Tim Wilder: The player-killer
Wulfmeister: Money makes the man
I haven't played the game in a while, but I remember the time when I made like six accounts, did the 10,000 gold quest where you run through the caves under the barbarian village, and then traded it all to one character. Needless to say it was time-consuming, because you had to make a new character each time and go through the newb island, etc. I thought it was the fastest way to make money, but I had a lot to learn.
I played it for a few years when I was younger and still follow news on the game. Here's a random story that sheds light on one of the more unique aspects of the game.
One of the more interesting things about RuneScape
is its PvP system and the resulting communities that have grown around it. Dying and killing other players is a relatively high-risk proposition, since depending on the server and conditions of a fight, most or all of a player's items are lost on death, and his victorious opponent gets substantial loot. Many communities have sprung up to work together in hunting other players in the game's PvP zones, or to "player kill" (PK as it is usually called in-game). Since a large group can easily defeat someone alone, small bands hunt individuals, and since a larger group can easily defeat that band, very large PKing parties are commonplace. The aforementioned game communities -- typically PK clans -- are responsible for the largest groups, and it is fairly common to see them skirmishing in fights with hundreds of players involved on the weekends.
Winin: Libraries are a good place to learn
My one RuneScape
encounter happened when I was with my kid in the children's section of the library. I saw two kids playing it on the library computers. They must have been about eight years old. Well, one was playing and the other was searching Google for "how to hack a RuneScape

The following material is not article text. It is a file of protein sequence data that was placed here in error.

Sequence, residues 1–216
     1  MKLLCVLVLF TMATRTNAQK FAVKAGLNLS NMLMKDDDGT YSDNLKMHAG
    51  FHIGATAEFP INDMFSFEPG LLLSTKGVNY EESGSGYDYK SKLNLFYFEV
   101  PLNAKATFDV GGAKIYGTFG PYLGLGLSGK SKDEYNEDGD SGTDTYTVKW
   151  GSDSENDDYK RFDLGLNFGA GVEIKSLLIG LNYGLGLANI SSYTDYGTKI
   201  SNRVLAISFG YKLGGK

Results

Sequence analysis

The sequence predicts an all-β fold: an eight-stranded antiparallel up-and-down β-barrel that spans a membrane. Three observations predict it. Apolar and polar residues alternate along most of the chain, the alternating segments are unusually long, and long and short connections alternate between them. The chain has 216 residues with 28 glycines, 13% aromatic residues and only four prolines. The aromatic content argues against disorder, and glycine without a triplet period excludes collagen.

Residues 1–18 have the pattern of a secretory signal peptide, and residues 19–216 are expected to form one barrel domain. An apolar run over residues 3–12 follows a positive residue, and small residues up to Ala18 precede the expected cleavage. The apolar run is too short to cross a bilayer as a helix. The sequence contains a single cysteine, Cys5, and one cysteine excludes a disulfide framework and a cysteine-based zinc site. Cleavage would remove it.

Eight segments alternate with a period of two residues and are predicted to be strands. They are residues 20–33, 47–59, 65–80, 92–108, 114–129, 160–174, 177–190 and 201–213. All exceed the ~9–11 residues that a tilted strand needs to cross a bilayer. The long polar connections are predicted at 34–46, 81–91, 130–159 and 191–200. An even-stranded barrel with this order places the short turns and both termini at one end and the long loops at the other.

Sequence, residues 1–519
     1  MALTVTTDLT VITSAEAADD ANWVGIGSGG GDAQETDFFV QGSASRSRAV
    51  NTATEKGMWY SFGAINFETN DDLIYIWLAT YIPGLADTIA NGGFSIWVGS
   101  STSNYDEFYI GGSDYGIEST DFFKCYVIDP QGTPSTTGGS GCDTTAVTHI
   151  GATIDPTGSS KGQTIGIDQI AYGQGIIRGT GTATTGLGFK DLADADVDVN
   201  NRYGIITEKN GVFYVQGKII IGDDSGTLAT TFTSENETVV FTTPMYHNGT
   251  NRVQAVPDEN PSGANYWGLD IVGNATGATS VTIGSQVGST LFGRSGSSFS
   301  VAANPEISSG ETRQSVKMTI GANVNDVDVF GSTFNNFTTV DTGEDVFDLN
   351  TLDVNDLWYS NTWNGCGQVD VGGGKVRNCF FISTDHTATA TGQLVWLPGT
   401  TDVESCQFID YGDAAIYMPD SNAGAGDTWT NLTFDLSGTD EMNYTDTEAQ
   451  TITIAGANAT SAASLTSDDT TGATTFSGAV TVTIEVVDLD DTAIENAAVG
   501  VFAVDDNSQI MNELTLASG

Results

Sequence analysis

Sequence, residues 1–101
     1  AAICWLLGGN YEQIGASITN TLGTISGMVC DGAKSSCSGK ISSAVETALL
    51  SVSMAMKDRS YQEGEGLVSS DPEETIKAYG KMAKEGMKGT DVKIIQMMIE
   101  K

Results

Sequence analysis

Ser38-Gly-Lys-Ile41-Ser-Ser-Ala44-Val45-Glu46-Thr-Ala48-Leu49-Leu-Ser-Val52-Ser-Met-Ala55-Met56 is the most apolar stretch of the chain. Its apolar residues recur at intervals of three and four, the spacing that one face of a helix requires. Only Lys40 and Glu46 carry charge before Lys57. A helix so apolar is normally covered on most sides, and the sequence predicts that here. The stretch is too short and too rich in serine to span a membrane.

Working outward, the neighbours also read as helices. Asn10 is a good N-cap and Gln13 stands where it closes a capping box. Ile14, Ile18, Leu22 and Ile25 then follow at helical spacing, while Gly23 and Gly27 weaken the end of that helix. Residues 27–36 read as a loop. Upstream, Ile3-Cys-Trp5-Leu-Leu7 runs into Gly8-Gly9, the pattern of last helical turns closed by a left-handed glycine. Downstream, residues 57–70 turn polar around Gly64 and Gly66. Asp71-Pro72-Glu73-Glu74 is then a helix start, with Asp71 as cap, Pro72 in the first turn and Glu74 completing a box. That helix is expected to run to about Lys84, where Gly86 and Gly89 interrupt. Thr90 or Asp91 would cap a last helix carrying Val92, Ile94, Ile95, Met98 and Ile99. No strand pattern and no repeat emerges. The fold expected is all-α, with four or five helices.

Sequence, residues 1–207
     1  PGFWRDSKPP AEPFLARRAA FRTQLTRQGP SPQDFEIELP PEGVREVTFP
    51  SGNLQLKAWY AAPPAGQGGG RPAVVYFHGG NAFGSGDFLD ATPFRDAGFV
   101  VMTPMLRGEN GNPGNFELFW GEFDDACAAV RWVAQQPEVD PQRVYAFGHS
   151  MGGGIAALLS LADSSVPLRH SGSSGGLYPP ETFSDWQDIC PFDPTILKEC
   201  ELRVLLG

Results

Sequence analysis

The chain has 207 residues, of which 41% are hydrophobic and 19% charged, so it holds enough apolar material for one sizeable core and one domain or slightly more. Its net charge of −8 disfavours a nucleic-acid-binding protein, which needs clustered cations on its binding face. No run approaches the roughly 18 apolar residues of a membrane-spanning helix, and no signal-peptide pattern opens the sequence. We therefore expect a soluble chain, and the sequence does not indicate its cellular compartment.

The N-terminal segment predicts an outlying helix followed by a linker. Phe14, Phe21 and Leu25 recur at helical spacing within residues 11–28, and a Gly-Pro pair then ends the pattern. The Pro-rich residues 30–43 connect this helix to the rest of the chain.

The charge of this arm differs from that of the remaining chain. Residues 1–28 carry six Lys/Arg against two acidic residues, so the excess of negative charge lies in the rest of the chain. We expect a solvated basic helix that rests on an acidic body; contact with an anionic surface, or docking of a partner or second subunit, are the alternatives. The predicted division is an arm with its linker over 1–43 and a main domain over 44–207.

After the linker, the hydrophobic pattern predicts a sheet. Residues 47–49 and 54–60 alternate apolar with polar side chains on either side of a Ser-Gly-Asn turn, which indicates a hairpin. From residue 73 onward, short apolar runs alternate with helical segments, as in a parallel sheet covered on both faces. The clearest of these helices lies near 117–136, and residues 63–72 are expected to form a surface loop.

account." I guess it's good that they knew to hack from a public terminal instead of from home.
Kyle "Efithor" Connor: Better questing than WoW
I played RuneScape
for about two years, from November 2004 to sometime in 2006, and enjoyed your article. For me, RuneScape
gave solid goals to work toward with the various skills in the game, while preventing any "Rerollitis" that I encountered in my two years of World of Warcraft
While you could not really mix-and-match combat styles (as Jagex went out of its way to ensure it would only be practical to stick with one for the duration of combat), the fact that you could switch between melee, magic and archery whenever you felt like it proved a considerable boon.
It should also be mentioned that the quests in RuneScape
are often not combat-centric. I don't think I was ever told to kill X 10 times, but rather each quest had a distinct and (while not always sane) logical story attached to it. Many quests never had any violence that was required. Combat in quests, if there was any, was generally relegated to a difficult fight at the end, as opposed to the generic model of nothing but combat quests.
These quests were enjoyable to play out, not because of the "phat lewts" but because there was a story to progress. I didn't infiltrate the cult that was trying to summon the demon Agrith Naar because of the 10,000 exp in any combat skill reward -- I did it because they were trying to summon the demon Agrith Naar! These quests were always entertaining, sometimes dramatic, and occasionally downright hilarious. I never got a single laugh out of a quest in my two years of WoW
, yet many quests in RuneScape
had me howling in my chair.
If I had a choice between RuneScape's
100+ quests, with their strong writing, immense variety (there are quests from mediating between a pair of goblin factions, to being forced to sneak around an island populated by a tribe of civilized monkeys) and excellent sense of humor, and the standard 10000+ quests of "Kill 10 X and I'll give you this trinket of godslaying I had laying around," I know which I would choose.
When not clawing his eyes out at the atrocious state of general chat channels, Justin "Syp" Olivetti pulls out his history textbook for a lecture or two on the good ol' days of MMOs in The Game Archaeologist. You can contact him via email at firstname.lastname@example.org or through his gaming blog, Bio Break.